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  • Cited by 1
  • Print publication year: 2015
  • Online publication date: September 2015

11 - Soft law never dies


‘Soft law’ is a fact of public life. Cast in terms of competing demands for flexibility and responsiveness, and consistency and coherence, official business could not sensibly be carried on without, to adopt a generous working definition, rules of conduct or pointers and commitments which are not directly legally enforceable but which may be treated as binding in particular legal or institutional contexts. While the phenomenon is commonly associated with international governance, it has increasingly resonated in public law scholarship if under different labels. An uncodified constitution, famous since Victorian times for conventions of the constitution bearing on the behaviour of, and relations between, principal organs of the State, is a natural habitat.

Examining a range of usages, this chapter looks at soft law as an instrument for, and barometer of, constitutional and administrative development over the course of a lifetime. Reflecting and reinforcing the notion of legalisation in contemporary society, commonly observed in terms of more legislation and more jurisprudence, as well as more lawyers, it pursues the idea of ‘soft law abounding’. While naturally vulnerable to the growth of formal legal norms, soft law techniques are also apt to be stimulated by it, in part by way of supplement and/or experiment, in part by way of counter-reaction.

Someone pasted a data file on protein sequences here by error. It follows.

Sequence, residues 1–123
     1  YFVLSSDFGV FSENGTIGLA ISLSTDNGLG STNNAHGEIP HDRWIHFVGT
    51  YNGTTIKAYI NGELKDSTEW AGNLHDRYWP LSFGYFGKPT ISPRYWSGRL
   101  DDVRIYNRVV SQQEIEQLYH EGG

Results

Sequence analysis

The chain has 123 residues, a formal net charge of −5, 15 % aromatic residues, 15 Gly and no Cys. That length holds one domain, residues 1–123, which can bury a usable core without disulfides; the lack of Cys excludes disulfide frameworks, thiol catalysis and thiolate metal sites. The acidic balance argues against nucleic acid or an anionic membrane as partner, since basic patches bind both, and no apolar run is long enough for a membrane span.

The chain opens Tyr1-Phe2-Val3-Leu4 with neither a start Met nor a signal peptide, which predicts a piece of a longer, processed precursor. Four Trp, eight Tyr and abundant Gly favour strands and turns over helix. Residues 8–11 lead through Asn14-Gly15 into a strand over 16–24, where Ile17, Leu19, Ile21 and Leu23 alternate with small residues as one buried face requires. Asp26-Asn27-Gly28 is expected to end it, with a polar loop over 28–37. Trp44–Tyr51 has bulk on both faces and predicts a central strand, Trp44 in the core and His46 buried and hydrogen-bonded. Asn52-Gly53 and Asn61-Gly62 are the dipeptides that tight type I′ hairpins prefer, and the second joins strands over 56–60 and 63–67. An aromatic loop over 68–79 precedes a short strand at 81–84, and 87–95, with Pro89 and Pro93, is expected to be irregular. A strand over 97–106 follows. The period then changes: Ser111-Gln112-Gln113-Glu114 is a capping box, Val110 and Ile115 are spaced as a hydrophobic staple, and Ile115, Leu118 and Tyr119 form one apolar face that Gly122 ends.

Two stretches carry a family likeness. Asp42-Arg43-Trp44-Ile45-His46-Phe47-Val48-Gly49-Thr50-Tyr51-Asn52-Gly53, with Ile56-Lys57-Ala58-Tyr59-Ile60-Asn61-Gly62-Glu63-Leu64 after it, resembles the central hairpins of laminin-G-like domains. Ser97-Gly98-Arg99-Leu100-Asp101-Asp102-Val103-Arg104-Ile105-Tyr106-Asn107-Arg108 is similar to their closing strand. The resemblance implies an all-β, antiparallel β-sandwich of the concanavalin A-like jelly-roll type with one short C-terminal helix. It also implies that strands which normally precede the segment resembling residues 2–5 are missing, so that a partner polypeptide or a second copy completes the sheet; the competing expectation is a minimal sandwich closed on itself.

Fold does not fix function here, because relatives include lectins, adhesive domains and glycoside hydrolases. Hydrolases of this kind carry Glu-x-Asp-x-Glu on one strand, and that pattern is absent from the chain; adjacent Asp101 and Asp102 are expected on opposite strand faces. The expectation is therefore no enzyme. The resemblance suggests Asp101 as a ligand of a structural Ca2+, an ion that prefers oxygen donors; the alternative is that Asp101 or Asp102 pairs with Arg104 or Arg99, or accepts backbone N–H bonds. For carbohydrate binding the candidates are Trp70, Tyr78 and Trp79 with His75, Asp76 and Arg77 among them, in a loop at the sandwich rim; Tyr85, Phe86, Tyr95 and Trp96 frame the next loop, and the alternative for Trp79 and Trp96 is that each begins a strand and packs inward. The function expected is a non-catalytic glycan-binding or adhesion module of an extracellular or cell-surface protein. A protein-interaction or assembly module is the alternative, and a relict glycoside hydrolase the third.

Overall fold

The pervasive sense of ambiguity, as also the broad spectrum of rules, agreements, communications, etc. familiarly in play, is the other main starting point. Putting to one side the simplistic view of polar opposites, an influential institutionalist model references different dimensions to legalisation, whereby law is characterised as ‘harder’ or ‘softer’ according to the degree and precision of the obligations created, as well as the extent of involvement by a court or tribunal. Factors which point in a particular direction, a strong demand for authoritative interpretation and/or the constitutional symbolism of formal law perhaps, or conversely a preference for experimentation or ‘learning by doing’, may then be identified in functionalist fashion. It is well to remember, however, that while the choice of soft law technique will often be mundane, it may on occasion be a matter of significant political and/or legal dispute.

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